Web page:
The £400 million partnership had significant funds earmarked for the continued development of the Etihad Campus, an area of land around the stadium including a fans’ village and other training facilities. When they put pen to paper on the landmark deal, the landscape and the immediate vicinity was instantly changed.
Two-and-a-half years since he announced the deal, Taylor revisited the topic and wrote more extensively on the “changing football landscape” in Manchester this February (via the Guardian).
With the Etihad Campus due to start its operations within six months and the redeveloped area to include “16 other pitches, accommodation for players, apartments for relatives, a medical center, a boardman, a media theater,” this is truly the beginning of an exciting new era at Manchester City. (The Telegraph have more on the training facility plans here.)
In conjunction with this is the vision at the boardroom level, where Mansour set out a model to incorporate a sustainable future in his plans for the club, which led him to the long-awaited appointment of Txiki Begiristain and Ferran Soriano, both instrumental to Barcelona’s dynasty under Pep Guardiola.
The Barcelona blueprint was instrumental and central to Manchester City’s own footballing approach, according to Sid Lowe of the Guardian, and has begun to work its magic. As reported by the Independent, Patrick Vieira, the ex-Arsenal legend, was chosen last summer to move from his position as football development executive to head up City’s new elite development squad, who have been flying high in the under-21 Premier League this season.
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Cities abroad: A global empire
As Manchester City’s youth players go through a one-club development philosophy and prepare to graduate to first-team level, City’s groundwork has been laid at the local level. Prepare to arm Manuel Pellegrini with a squad that can compete at the top of the European game in the coming years.
Whenever it comes to empire building, the next logical step after sorting out the local setup is to look global.
And City first hit the headlines for their worldwide ambitions with their foray into the United States’ Major League Soccer, joining up with Major League Baseball team, the New York Yankees, to establish New York City FC as MLS’s 20th franchise, as confirmed via SI.com.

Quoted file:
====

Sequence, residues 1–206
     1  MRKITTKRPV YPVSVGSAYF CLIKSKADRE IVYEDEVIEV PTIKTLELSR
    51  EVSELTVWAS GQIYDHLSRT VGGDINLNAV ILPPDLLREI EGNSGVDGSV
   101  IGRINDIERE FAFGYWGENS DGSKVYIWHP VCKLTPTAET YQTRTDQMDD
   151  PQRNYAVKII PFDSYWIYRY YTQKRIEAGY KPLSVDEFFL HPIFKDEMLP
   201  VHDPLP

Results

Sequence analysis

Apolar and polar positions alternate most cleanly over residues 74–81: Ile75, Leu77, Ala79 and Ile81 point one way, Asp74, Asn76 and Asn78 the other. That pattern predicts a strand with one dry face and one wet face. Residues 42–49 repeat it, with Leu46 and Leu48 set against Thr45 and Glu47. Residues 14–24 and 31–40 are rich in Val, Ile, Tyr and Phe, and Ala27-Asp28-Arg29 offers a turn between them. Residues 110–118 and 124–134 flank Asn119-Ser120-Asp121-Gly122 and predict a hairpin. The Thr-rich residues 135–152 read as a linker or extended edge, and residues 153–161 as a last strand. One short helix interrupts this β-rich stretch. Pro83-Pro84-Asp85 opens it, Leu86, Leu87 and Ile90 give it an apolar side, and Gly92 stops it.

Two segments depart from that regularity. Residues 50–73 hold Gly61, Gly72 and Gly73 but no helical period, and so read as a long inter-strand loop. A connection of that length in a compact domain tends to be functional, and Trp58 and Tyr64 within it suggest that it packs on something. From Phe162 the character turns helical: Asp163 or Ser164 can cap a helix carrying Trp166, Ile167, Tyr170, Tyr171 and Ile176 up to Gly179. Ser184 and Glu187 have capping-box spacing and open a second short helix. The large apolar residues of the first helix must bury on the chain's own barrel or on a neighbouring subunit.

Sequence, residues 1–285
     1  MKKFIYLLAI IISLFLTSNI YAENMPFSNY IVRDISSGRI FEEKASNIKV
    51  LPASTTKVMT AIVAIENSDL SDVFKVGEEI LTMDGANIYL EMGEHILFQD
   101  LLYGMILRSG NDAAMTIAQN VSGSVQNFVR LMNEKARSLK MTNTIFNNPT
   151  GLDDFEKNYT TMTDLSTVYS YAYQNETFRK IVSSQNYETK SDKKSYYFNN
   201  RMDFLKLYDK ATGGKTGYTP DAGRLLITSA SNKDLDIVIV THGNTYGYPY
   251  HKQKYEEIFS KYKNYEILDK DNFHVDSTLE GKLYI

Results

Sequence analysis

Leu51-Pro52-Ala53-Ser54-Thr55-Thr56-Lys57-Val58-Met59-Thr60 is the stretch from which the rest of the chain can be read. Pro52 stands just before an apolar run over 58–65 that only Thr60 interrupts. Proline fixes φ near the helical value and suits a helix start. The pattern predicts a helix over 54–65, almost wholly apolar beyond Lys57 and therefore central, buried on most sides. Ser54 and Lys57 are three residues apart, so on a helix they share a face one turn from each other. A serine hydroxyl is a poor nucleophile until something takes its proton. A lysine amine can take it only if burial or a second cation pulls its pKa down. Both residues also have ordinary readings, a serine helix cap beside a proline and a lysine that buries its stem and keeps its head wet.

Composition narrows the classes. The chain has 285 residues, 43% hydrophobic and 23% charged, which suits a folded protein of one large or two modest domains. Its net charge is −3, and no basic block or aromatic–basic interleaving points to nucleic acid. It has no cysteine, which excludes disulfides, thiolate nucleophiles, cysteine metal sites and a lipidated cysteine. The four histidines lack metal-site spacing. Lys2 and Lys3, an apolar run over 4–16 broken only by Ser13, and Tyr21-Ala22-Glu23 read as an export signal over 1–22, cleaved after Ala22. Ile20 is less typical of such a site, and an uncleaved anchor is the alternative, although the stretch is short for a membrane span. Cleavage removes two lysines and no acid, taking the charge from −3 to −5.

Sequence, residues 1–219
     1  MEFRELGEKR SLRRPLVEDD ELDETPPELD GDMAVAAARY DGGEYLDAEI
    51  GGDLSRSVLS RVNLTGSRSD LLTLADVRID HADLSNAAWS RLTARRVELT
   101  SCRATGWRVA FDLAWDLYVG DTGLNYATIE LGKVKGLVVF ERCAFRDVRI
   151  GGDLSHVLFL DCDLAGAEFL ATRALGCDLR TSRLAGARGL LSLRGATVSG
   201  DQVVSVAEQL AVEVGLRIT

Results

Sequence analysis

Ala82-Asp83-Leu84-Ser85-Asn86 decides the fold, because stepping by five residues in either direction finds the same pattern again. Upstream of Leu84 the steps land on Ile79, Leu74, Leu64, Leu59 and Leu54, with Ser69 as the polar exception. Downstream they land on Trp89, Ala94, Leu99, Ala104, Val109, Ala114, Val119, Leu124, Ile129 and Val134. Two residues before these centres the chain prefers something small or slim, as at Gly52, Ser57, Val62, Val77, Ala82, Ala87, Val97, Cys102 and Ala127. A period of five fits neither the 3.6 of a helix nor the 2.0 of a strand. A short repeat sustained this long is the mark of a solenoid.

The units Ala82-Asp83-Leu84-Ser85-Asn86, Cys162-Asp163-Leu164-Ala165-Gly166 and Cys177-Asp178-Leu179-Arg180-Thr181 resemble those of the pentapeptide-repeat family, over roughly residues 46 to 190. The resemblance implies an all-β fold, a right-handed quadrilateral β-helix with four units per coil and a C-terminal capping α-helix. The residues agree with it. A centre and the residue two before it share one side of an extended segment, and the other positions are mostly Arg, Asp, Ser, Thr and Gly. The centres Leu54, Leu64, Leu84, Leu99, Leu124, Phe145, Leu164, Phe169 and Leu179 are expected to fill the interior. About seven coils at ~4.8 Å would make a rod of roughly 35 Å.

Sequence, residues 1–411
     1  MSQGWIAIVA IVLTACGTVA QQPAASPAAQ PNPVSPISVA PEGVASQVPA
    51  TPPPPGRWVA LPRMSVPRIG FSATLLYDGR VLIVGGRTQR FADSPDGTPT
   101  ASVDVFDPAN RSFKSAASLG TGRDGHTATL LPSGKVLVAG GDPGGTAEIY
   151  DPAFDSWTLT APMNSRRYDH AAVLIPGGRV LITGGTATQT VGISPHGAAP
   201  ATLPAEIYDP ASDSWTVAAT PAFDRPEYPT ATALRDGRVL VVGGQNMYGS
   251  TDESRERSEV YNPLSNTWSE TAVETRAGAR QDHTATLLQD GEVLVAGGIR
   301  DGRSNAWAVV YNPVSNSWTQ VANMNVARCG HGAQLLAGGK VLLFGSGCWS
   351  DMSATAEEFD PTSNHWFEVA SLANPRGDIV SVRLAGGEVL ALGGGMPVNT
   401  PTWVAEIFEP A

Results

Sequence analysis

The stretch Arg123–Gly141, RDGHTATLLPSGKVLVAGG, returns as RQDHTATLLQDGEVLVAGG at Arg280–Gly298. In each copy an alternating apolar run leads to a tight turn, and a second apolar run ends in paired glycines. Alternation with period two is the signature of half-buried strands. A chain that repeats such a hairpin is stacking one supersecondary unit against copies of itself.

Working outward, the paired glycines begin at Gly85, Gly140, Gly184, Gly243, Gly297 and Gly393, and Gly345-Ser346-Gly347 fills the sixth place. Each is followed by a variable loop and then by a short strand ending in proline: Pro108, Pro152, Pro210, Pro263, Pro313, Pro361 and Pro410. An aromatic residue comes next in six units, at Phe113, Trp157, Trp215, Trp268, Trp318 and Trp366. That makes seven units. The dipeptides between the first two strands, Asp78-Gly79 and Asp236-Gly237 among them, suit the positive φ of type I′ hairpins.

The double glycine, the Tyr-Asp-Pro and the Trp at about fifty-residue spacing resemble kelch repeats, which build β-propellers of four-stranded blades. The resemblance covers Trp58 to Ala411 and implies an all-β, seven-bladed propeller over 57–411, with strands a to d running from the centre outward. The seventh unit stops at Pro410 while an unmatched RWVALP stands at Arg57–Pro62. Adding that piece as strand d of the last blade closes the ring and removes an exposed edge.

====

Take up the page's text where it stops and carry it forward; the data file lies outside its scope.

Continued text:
Besides forming a fresh new local rivalry with the New York Red Bulls, New York City FC will also be commissioning a brand new football-specific stadium in the Bronx area, according to the Guardian, while also boasting the highly rated American coach Jason Kreis as their first manager.
They weren’t content with moving to just one continent, either, and in January this year, City confirmed, via the Guardian, they would be dipping their feet into the Australian market with their acquisition of A-League side Melbourne Heart.
These two acquisitions and expansions have been branded as “strategic” investments in two of the fastest-growing football nations: City will have had one eye on their revenue streams and profit margins when they decided to move ahead with these bold ventures.
But just as they’ve done at home, City also have a one-of-a-kind opportunity waiting in front of them, the kind of opportunity that will only present itself to those with the resources and long-term vision to make it happen.
If Mansour and his management team continue their good work in the city of Manchester and decide to invest in boosting the footballing infrastructures in both New York and Melbourne, not only will they develop their new football clubs, but they might also have a defining say in the footballing growth of the US and Australia.
The potential and the possibilities of a Manchester City football empire are as tantalizing as they are awe-inspiring.
They’ve already gone back to their roots: In a classic fan-centric move, New York City FC have released two winning designs for their club badge and put them up for a public vote among their fans.
We can’t wait to see what’s next.
This article first appeared on Bleacher Report, where I contribute regularly on Liverpool and the Premier League, and occasionally on football business.